The ability of the lysophospholipids sphingosine 1-phosphate (S1P) and lysophosphatidic acid (LPA) to promote the release of the organic osmolyte taurine in response to hypoosmotic stress has been examined. Incubation of SH-SY5Y neuroblastoma cells under hypoosmotic conditions (230 mOsM) resulted in a time-dependent release of taurine that was markedly enhanced (3-7-fold) by the addition of micromolar concentrations of either S1P or LPA. At optimal concentrations, the effects of S1P and LPA on taurine efflux were additive and mediated via distinct receptors. Inclusion of 1,9-dideoxyfoskolin, 5-nitro-2-(3-phenylpropylamino benzoic acid, or 4-[(2-butyl-6,7-dicloro-2-cyclopentyl-2,3-dihydro-1-oxo-1H-inden-5-yl)oxy]- butanoic acid blocked the ability of both lysophospholipids to enhance taurine release, indicating the mediation of a volume-sensitive organic osmolyte and anion channel. Both S1P and LPA elicited robust increases in intracellular calcium concentration that were attenuated by the removal of extracellular calcium, abolished by the depletion of intracellular calcium with thapsigargin, and were independent of phosphoinositide turnover. Taurine efflux mediated by S1P and LPA was unaffected by the removal of extracellular calcium but was attenuated by depletion of intracellular calcium (34-38%) and by inhibition of protein kinase C (PKC) with chelerythrine (38-72%). When intracellular calcium was depleted and PKC was inhibited, S1P- or LPA-stimulated taurine efflux was inhibited by 80%. Pretreatment of the cells with pertussis toxin, toxin B, or cytochalasin D had no effect on lysophospholipid-stimulated taurine efflux. The results indicate that both S1P and LPA receptors facilitate osmolyte release via a phospholipase C-independent mechanism that requires the availability of intracellular calcium and PKC activity.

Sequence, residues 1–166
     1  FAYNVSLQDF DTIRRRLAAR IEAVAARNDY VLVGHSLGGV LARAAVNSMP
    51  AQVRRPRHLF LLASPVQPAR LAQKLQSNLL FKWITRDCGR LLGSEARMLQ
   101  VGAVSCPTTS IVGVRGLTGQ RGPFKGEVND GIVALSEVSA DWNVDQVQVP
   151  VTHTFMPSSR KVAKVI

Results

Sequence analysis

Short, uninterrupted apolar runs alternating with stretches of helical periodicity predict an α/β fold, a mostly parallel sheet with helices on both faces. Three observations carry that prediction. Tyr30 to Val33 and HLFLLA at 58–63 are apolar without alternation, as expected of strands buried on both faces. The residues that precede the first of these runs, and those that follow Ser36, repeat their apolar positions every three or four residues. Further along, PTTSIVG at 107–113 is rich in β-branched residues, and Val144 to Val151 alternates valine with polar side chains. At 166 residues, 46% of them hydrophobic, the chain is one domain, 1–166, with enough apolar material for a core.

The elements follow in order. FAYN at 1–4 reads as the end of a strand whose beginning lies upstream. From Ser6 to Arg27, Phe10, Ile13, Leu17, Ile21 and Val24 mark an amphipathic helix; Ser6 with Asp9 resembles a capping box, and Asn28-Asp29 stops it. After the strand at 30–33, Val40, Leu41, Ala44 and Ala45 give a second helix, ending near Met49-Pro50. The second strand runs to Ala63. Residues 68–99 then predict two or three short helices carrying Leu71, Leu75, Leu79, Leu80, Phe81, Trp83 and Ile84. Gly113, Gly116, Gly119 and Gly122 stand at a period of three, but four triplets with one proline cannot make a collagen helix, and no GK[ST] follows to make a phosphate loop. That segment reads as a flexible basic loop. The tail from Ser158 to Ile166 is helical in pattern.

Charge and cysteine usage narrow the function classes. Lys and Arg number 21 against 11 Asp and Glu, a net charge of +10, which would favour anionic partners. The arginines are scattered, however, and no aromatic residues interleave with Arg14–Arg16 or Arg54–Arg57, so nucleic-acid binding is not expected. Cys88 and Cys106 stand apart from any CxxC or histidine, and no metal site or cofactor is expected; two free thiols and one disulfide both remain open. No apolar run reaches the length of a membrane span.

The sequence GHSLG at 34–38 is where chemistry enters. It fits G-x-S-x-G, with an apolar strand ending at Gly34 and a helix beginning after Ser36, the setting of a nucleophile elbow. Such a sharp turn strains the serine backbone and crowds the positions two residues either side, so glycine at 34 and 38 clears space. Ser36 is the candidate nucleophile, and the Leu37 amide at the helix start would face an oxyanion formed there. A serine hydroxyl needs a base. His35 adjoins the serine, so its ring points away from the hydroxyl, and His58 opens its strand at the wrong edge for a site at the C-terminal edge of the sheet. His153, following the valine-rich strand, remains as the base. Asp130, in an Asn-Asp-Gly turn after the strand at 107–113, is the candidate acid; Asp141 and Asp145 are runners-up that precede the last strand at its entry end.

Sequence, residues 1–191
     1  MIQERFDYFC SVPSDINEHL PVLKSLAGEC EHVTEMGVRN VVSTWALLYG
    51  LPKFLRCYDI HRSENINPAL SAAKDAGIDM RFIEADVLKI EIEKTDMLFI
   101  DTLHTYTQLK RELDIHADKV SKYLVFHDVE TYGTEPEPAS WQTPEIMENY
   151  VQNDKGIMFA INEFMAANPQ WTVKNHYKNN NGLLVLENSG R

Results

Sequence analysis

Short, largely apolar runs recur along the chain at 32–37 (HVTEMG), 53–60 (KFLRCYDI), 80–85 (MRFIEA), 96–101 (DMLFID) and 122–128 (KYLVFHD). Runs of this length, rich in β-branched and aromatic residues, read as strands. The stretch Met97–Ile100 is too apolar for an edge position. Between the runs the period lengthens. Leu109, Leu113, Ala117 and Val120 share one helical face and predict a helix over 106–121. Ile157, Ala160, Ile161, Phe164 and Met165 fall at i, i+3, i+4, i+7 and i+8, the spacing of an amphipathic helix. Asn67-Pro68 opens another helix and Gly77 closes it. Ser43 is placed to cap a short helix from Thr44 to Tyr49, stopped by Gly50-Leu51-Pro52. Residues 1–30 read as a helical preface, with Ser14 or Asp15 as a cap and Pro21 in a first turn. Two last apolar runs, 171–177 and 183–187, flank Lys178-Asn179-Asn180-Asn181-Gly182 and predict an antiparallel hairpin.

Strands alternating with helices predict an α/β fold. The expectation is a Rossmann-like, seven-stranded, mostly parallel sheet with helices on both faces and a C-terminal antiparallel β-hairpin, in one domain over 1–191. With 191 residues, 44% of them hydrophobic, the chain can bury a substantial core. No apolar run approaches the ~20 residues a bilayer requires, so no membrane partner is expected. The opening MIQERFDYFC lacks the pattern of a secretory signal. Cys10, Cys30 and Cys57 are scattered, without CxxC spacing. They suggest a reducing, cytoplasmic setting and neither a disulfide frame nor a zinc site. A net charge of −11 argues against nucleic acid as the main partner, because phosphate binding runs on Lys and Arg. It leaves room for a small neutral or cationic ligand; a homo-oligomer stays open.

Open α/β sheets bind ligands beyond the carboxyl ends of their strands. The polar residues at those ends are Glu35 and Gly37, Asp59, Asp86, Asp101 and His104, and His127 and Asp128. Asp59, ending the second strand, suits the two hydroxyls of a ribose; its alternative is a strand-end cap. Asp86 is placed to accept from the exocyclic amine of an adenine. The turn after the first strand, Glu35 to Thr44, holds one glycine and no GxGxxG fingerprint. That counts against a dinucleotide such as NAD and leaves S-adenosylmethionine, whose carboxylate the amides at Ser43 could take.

|Number of pages||9|
|Journal||Journal of Pharmacology and Experimental Therapeutics|
|Publication status||Published - 1 May 2006|
ASJC Scopus subject areas
- Molecular Medicine